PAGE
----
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Early Court Reporters

The Court's decisions become the law of the Commonwealth. As a result, judges, lawyers, and citizens need an organized collection of the Court's opinions to inform them. Today, much of that organization is digital, but back in the early days of the Commonwealth, local publishers and lawyers would publish and sell volumes of the court's decisions to the bench and bar.

"We whose past covers only 132 years feel strongly the honor of (recognizing) the bi-centennial of that more venerable court, the members of which grace this presence, the Supreme Court of Pennsylvania. A court which has contributed to the jurisprudence of this country through Judges like McKean, Tilghman, John Bannister Gibson and George Sharswood, and in the strength and wealth of whose judgments the genius and learning of Andrew Hamilton, Dallas, Binney, Sergeant, Rawle, the Ingersolls and a host of others of the country's greatest lawyers are manifest, may well command the admiration, pride and profound respect, not only of Pennsylvanians, but of all Americans." - US Chief Justice and former President William Howard Taft

Other Writings

While the members of the Court are best known for their opinions, Justices often write law review articles or about other topics that may be of interest to them. One of the Court's most prolific writers was Justice Michael A. Musmanno.

Justice Musmanno authored twelve books, including one entirely comprising his dissenting opinions on the Court. Musmanno was the most-prolific dissenter of his court, often writing more dissents in the year than the rest of the Justices combined. Musmanno unsuccessfully served as appellate counsel on the infamous Sacco-Vanzetti case. After the executions of Sacco and Vanzetti, Musmanno authored a book about the case as well as two law review articles. Musmanno later presided over the Einsatzgruppen trial at Nuremburg, a trial which he recounts in his book "The Eichmann Kommandos." Musmanno was later elected to the Supreme Court in 1951 where he served until his death in 1968.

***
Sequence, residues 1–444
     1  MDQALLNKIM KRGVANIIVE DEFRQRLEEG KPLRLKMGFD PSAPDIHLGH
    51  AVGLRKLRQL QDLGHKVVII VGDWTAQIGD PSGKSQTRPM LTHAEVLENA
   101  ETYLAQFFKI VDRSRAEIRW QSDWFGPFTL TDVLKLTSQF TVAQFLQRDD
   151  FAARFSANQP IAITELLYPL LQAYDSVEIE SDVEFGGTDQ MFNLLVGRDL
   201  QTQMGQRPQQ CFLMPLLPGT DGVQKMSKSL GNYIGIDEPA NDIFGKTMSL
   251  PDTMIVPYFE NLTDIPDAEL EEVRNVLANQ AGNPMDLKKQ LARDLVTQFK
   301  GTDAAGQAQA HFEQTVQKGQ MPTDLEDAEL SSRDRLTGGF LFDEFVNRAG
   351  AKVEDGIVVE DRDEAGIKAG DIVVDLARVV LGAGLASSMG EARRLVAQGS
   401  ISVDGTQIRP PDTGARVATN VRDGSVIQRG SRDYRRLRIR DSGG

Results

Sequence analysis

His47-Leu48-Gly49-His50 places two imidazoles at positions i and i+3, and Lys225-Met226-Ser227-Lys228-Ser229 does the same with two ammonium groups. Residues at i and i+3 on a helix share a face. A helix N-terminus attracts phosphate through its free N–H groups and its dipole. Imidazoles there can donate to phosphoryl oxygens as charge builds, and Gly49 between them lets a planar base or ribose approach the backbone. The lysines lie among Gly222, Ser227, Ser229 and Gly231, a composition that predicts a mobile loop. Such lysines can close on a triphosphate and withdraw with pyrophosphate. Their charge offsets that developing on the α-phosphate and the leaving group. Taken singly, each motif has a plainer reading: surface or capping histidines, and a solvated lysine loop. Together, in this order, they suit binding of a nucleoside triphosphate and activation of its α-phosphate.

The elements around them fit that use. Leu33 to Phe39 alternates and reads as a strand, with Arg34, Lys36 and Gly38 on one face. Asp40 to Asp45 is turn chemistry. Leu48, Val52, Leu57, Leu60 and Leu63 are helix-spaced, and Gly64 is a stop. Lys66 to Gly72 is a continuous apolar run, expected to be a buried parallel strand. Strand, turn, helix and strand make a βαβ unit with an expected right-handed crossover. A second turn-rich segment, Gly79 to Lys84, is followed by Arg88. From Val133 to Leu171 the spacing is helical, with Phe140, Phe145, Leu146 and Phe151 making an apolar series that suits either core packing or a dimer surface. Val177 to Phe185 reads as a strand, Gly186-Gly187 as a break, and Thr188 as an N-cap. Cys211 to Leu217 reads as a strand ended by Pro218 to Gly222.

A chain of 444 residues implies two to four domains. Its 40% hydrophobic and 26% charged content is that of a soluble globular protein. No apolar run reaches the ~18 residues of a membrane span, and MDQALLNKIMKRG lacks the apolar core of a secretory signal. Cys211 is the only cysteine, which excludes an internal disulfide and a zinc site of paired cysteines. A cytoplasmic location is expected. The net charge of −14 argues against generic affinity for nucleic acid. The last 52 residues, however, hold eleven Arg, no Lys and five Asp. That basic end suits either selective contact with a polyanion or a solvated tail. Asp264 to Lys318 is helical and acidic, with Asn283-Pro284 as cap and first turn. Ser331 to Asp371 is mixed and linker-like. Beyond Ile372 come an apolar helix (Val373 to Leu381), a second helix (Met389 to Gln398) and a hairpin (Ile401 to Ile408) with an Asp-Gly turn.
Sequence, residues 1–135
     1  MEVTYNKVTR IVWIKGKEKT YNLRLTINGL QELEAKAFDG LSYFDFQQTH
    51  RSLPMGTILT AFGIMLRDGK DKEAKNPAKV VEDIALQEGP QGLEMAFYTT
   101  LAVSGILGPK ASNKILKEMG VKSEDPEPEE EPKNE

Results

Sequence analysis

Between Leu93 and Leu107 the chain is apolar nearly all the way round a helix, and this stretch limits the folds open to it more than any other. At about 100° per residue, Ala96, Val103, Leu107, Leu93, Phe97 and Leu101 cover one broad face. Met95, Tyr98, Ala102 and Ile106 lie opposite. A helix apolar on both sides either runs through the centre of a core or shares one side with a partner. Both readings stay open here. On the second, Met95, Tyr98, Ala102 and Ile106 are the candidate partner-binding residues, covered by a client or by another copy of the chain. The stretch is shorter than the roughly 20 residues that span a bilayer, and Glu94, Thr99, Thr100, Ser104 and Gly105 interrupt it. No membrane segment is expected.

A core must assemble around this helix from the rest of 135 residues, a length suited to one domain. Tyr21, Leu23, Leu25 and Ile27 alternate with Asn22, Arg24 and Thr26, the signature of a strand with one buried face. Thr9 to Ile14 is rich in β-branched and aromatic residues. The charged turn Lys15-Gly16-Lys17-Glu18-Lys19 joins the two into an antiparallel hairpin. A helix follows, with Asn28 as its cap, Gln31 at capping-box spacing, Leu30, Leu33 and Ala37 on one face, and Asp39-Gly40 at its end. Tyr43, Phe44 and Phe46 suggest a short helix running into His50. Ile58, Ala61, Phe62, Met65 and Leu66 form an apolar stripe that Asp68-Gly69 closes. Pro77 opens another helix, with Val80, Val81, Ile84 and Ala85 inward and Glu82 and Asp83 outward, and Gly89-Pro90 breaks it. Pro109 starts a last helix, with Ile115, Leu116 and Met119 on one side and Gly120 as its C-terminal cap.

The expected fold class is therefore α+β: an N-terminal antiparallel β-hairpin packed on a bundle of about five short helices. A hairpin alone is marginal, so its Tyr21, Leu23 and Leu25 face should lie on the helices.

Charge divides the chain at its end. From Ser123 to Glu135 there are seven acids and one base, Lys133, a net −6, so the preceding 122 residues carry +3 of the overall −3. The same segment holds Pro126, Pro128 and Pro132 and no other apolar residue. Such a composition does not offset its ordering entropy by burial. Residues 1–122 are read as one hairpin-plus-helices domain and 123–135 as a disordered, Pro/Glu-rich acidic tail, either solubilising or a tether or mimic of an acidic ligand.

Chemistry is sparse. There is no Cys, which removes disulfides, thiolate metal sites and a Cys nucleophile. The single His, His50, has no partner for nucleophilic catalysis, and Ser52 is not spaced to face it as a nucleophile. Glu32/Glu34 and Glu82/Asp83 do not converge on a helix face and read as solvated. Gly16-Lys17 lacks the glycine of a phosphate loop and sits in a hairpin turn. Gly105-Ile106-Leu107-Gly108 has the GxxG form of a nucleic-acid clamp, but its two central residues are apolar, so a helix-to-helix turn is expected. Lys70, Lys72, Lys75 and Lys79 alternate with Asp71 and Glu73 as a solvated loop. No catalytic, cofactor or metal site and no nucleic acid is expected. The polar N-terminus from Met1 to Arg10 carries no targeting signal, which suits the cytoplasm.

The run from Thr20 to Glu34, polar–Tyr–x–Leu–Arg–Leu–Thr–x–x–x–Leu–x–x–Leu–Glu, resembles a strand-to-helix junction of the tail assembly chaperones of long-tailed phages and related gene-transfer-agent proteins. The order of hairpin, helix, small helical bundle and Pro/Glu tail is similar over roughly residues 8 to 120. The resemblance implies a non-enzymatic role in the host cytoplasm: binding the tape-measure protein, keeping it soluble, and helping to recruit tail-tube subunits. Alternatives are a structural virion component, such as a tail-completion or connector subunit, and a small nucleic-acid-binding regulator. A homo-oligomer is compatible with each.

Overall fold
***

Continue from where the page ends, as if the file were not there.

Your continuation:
Judge Musmanno sitting at Nuremberg in 1947. The tribunal found all members of the Einsatzgruppen guilty and Judge Musmanno sentenced thirteen Nazi officers to death by hanging with the remaining defendants receiving lengthy prison sentences. Photo source: Duquesne University Archives and Special Collections

Electing Justices

Prior to 1851, Chief Justices and Justices were appointed to the Court by the Governor. However, after an amendment to the State's Constitution, the sitting Justices were removed from the bench and elections were held to fill the vacancies. Seven Justices were elected to the Court, after which lots were drawn to see which Justice had the shortest term - three years - and which had the longest - fifteen years.

Jeremiah S. Black, having drawn the shortest term of three years, began his service as Chief Justice. Having drawn the six-year term, Ellis Lewis then began his three-year service as Chief Justice in 1854. Also in 1854, after the expiration of his term, Chief Justice Black ran for election and served for three additional years as an Associate Justice before becoming the US Attorney General.

Chief Justice Black was a prolific writer including his Essays and Speeches, as well as authoring the eulogy to his predecessor and the longest-serving Justice in the Court's history, John Bannister Gibson.


An oil painting of Chief Justice Black on display at the Harrisburg Courtroom.


An Italian Marble bust of Chief Justice Gibson in the Philadelphia Courtroom.

In 1816, John Bannister Gibson was appointed as a Justice on the Supreme Court, but was later appointed as the Chief Justice in 1827. He served in that role until the 1851 Constitutional amendment. Interestingly, Chief Justice Gibson was the only Justice sitting prior to that amendment to win back a seat on the Court. He drew the nine-year term, meaning he would have begun his three-year term in 1857 after Lewis's term expired. However, in ill health and against the advice of his doctors Justice Gibson travelled to Philadelphia to hear oral arguments where he died in his hotel. 

Today, Justices are elected to ten-year terms after which they must run for retention. In a retention vote, Justices do not have an opponent, rather the voters decided whether they may serve for another ten-year term. Upon a vacancy, the Chief Justice's seat is filled by the longest-serving Justice. Justices may serve until their mandatory retirement age of 75. 


Violet Oakley


Violet Oakley painted sixteen murals in the Harrisburg courtroom. This limited-edition (111 of 300) leather-bound copy of Oakley's "Law Triumphant" book contains proofs of her murals in the Capitol as well as portraits she did of delegates to the League of Nations in Geneva.

Elements of Oakley's works have also been used for the Capitol Preservation Committee's annual Christmas ornaments.

Stoltenberg v. Pittsburgh and Lake Erie Railroad Co.

This is an appeal filed by Philander Knox, James H. Reed, and Edwin Smith - the founders of global law firm Reed Smith LLP - on behalf of the Pittsburgh and Lake Erie Railroad Company. This case involved a worker who was injured by a wire installed by the Company.

This record contains multiple documents necessary for the Supreme Court to review the Company's issues on appeal.

Read More About This Case

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